RiskMD; Risk Management for Today and Beyond

Risk management is foundational to the insurance industry at large.  Not only as a means to ensure the pricing integrity of insurance products, but most importantly, to continue to achieve and maintain safer, healthier environments for all.   Innovation in this space should be recognized, encouraged and celebrated.  To that end, we celebrate RiskMD!

RiskMD holds one of (if not the) only patents specific to PEO.  This patented business intelligence platform organizes insurance-related data in a proprietary way to empower risk managers and insurance executives to completely change the way they approach decision making.

Risk managers and insurance executives spend countless hours poring over numbers in search of opportunities to mitigate losses and increase profitability. This requires many hours of tedious work, compiling and deciphering mountains data using multiple complex tools, and the experience and instincts to find actionable insights.

RiskMD completely reshapes this process. The technology seamlessly automates data aggregation and integration to provide clear and meaningful insights with detailed and impactful visualizations. It gives users the ability to schedule recurring reports for quick and easy insights on demand, while also allowing for more advanced users to dig deep into the numbers and find the most granular of opportunities.

What makes RiskMD unique? Where did the concept come from?

Risk MD is an insurance data analytics tool that was built with the goal of changing the way the industry uses data to understand loss ratios and maximize profitability for any given insurance transaction. It’s a system and method for the valuation, acquisition, and management of insurance data. The concept was developed by Paul Hughes, the Founder and CEO of RiskMD, with the idea of bringing the mentality of stock trading analytics to the insurance world.

This system follows a patented process that uses a common identifier, the Federal Employer Identification Number (FEIN) to efficiently and effectively aggregate data in a new and powerful way. The process makes it possible to funnel data into the system without the need for labor-intensive manual input.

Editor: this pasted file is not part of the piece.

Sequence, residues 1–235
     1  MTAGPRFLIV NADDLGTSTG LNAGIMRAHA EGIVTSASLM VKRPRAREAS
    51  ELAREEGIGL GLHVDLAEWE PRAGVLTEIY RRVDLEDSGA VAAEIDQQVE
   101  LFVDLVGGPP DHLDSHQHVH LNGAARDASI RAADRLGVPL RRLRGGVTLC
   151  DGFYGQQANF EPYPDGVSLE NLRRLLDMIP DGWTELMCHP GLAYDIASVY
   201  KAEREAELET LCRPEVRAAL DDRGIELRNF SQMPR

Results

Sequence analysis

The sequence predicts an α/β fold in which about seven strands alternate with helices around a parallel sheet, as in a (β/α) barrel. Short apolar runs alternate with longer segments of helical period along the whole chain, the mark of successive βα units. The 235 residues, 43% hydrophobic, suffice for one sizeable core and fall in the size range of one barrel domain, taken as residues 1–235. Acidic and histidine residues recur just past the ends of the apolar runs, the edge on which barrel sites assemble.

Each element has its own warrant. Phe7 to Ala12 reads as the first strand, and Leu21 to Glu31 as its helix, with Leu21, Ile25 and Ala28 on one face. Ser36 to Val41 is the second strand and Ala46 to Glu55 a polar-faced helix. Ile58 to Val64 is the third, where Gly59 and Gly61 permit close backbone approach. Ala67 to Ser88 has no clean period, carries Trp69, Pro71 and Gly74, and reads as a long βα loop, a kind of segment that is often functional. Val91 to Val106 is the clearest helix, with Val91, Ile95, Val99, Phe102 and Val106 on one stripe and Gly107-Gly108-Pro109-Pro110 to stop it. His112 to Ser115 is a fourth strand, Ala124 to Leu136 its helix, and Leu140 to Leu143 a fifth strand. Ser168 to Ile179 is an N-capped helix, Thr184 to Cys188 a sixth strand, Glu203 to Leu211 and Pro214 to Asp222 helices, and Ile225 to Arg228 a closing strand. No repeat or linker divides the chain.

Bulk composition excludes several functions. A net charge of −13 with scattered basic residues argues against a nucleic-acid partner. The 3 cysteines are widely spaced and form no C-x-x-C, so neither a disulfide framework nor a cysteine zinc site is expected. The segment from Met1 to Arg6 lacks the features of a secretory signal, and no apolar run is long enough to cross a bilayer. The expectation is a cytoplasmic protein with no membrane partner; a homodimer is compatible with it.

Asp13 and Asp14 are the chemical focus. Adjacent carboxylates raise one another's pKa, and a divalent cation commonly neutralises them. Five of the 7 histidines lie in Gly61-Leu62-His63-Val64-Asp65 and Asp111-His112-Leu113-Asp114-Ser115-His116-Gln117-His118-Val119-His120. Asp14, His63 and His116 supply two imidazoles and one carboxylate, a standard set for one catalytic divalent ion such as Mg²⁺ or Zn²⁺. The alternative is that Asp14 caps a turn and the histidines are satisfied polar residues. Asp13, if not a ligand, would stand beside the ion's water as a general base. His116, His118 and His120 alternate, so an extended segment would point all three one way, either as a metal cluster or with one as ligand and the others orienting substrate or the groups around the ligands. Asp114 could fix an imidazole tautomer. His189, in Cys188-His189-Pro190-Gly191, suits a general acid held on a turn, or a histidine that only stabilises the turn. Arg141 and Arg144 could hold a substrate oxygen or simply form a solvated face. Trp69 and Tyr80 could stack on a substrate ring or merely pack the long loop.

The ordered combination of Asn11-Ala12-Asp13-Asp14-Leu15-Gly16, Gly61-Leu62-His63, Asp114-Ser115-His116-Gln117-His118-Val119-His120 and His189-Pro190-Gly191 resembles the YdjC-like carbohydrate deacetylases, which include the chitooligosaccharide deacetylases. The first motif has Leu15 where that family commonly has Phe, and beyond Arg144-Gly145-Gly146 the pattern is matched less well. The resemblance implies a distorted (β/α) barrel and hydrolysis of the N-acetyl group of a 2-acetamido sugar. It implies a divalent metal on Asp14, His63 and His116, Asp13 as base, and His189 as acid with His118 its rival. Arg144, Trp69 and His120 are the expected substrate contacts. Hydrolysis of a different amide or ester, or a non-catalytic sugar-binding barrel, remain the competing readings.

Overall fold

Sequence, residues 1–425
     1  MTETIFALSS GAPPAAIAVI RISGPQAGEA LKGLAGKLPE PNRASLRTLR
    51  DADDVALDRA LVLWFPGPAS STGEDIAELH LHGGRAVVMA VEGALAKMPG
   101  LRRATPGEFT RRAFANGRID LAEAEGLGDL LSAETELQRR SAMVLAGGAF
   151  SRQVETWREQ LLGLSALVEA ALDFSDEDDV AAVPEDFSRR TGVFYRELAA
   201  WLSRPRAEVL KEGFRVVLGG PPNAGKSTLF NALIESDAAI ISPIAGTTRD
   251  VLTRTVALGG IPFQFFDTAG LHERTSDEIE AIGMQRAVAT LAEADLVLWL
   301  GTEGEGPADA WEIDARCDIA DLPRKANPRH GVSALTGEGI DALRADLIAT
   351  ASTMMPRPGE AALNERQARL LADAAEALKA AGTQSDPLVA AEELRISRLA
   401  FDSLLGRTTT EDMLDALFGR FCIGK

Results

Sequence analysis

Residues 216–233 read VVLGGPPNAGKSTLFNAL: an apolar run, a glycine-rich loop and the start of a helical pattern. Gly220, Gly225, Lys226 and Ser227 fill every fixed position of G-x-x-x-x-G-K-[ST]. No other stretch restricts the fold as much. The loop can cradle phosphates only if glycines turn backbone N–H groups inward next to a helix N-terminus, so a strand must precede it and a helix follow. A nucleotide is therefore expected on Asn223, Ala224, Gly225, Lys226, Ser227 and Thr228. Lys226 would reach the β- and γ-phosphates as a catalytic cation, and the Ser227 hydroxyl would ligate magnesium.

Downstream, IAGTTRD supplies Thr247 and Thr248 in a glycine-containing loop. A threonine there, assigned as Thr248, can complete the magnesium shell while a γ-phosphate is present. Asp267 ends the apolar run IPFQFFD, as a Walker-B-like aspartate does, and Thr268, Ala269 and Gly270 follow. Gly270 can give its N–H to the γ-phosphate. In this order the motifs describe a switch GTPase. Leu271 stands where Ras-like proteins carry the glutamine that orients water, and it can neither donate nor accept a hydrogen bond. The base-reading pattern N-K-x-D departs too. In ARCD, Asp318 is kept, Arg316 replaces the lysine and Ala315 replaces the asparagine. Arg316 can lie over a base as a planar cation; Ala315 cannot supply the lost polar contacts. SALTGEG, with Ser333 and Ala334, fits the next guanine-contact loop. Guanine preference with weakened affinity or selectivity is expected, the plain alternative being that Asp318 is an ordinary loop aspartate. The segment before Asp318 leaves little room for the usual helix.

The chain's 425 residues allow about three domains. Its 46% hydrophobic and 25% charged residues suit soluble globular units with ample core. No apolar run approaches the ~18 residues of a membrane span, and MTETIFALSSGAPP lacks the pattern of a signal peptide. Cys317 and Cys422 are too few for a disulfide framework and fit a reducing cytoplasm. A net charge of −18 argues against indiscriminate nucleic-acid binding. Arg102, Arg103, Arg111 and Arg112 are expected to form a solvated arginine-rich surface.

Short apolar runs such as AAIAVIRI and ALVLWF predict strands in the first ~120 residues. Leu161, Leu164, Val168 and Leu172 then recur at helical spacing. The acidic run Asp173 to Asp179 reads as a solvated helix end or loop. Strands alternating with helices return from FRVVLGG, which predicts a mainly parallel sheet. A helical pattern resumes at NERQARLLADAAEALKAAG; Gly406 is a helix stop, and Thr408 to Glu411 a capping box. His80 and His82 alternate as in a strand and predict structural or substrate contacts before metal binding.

The use of FEIN also enables a more precise normalization of the data so that it can be more easily manipulated. This allows users to easily drill down to a deeper level for more impactful insights.

Another unique feature of the tool is that it’s designed to produce insights, rather than requiring users to find the insights themselves. Without RiskMD, risk managers and insurance executives have to dedicate countless hours to building and manipulating spreadsheets and pivot tables, then try to search the resulting data points to verify whatever insights are available to be found. RiskMD compiles the data much more efficiently and can be pre-programmed to surface the most important insights automatically, presenting them visually through the use of graphs, tables, and charts.

Whether risk managers and insurance executives are using it to manipulate data in real-time on their own or relying on custom reports that are delivered automatically, those using RiskMD have a competitive advantage over those who don’t.

How is RiskMD relevant to core concerns of risk managers?

One of the most critically important concerns for insurance executives is to maintain profitability across a book of business. They manage the total cost of risk, which can come from claims paid, or dollar values that are paid internally within a deductible limit, and additional costs that aren’t easily quantified, like the value of opportunity costs missed. Their ability to do this depends heavily on using data to gain an understanding of which accounts might create profitability issues. Without knowing which accounts are presenting exposure points and fueling losses, a risk manager cannot effectively manage them. This leads to reactionary behaviors rather than proactive ones.  Minor “hot spots” can become major loss leaders.

It gives the ability to quickly and easily see loss ratios for each account or exposure in their book of business, in real-time, through visualizations. If profitability is the macro problem, RiskMD is a tool that helps take a granular look to find the micro issues that cause that macro problem.  This prevention-based approach maximizes profitability.

How is RiskMD effective in solving one or more problems in the risk management process?

Managing risk effectively and profitably relies on finding and addressing loss leaders proactively. To do this, risk managers face the problem of compiling and deciphering large quantities of data. This process is labor-intensive, time-consuming, and typically requires a deep knowledge of multiple data manipulation tools.  Even with all the tools and manpower, the problem is often compounded when insights are unfound, like a needle in a haystack.